You’ll often hear it said that ‘people-watching’ is an endless fascination. Sit in a cafe, or on a platform, or even just out in the street – there’s a sort of plinth outside a city centre clothing store towards the top end of Glasgow’s Buchanan Street that I’ve spent some time watching from, and, I think, being watched. I even wrote about it in a Kowalski story.

And that’s unusual, because however fascinating it is to people watch, what you see rarely translates into what we might call a short story. That isn’t to say stories don’t spring out of the details of such observations – we might even note them down in notebooks and use them later…the practice that H.E.Bates called ‘compiling’, and castigated A.E.Coppard for using!

But it’s rare, in my experience to get a whole story played out before your (astonished) gaze. It’s turning points we’re on the look out for, and starting points, and endpoints.  Somebody ending a conversation and walking away…somebody stepping up and beginning one…somebody examining a scrap of paper – we can’t quite make out what it is – and deciding to discard it in the waste bin.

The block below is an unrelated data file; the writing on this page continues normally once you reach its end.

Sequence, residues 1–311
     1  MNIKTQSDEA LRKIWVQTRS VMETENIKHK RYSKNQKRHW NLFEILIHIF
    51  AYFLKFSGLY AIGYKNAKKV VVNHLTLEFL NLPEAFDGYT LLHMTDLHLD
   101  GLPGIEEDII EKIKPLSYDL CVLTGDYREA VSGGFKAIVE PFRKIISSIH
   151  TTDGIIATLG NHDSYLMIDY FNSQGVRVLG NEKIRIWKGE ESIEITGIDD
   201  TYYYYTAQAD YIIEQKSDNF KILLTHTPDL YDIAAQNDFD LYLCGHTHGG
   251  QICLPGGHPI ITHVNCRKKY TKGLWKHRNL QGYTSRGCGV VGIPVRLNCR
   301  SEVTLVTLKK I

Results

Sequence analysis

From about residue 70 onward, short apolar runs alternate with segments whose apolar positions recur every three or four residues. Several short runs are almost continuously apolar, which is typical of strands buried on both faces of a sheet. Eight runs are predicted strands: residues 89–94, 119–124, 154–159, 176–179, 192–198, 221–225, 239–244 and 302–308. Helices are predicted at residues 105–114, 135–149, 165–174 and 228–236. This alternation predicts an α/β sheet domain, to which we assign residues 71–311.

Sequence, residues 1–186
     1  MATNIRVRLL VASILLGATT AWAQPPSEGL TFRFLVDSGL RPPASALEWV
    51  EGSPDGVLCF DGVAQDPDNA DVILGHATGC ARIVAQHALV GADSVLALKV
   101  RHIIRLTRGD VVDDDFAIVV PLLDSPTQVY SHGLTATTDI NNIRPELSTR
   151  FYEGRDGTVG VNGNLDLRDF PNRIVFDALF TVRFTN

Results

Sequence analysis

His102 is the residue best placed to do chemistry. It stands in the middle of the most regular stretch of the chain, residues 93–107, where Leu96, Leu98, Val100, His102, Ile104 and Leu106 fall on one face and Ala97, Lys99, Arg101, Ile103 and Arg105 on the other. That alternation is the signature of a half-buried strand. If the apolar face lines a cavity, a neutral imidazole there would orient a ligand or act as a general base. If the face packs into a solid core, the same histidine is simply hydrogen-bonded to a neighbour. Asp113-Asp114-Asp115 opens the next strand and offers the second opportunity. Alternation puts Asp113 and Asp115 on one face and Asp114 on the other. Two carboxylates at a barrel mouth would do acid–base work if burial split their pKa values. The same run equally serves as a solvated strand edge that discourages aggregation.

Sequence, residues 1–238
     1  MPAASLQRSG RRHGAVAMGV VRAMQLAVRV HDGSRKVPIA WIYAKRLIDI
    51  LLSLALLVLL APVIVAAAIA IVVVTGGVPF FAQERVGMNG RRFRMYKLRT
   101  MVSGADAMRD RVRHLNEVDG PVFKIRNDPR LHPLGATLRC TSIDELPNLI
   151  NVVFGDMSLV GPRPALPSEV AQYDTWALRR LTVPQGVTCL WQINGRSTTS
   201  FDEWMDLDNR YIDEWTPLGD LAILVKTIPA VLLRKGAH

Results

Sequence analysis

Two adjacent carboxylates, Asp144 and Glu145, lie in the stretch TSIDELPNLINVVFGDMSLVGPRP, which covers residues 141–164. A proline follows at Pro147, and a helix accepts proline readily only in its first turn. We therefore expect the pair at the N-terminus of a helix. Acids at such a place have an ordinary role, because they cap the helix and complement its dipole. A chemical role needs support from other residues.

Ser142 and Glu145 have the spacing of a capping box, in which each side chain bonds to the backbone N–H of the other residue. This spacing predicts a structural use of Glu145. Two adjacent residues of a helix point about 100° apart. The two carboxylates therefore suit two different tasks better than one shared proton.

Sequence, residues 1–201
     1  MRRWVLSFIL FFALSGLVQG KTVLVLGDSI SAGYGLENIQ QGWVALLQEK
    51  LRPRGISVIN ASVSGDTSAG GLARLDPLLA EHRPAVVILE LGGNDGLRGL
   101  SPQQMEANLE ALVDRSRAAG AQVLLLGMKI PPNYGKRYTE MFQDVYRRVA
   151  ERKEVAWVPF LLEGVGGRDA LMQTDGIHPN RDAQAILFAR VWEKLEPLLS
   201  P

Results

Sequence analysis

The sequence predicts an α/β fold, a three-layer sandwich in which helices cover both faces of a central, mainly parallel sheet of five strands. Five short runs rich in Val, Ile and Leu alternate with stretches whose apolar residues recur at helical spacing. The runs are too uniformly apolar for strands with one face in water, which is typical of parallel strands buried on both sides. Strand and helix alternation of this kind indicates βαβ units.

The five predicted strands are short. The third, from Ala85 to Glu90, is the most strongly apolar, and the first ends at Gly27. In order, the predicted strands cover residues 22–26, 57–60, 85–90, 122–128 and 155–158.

V.S.Pritchett wrote that short stories make ‘explicit’ what real life only implies. Yet many stories seem to describe, in detail, tedious sequences of events, intricate foibles of character, forensic examinations of place, that not only don’t make explicit, but seem not to imply anything either.

Perhaps the readers who enjoy stories like this are really people-watching in the comfort of their own armchairs, instead of on the bum-freezing seats of the inner cities. Reading, perhaps, to find stories that the authors of the texts they are reading haven’t even considered, rather than to find out, what the those authors might be trying to tell them..

Of course it might be that such stories are merely too subtle, or too finely wrought for someone like me to perceive. But if they aren’t, then it might be a similar conundrum to that in the art world, of the splash of paint, or the pile of bricks? Who creates the Art? The splashers and pilers, or the people who look at them and imagine. (We know who has to pay, and who gets the money).

To what extent does our writing have to communicate something to someone? Anything to anyone? To what extent does a failure to do so reflect on the writer, and on the reader? To what extent must we be prepared to accept that some people are too stupid, lazy or ignorant to be successful readers of our stories, or, and it pains me, we to be their writers?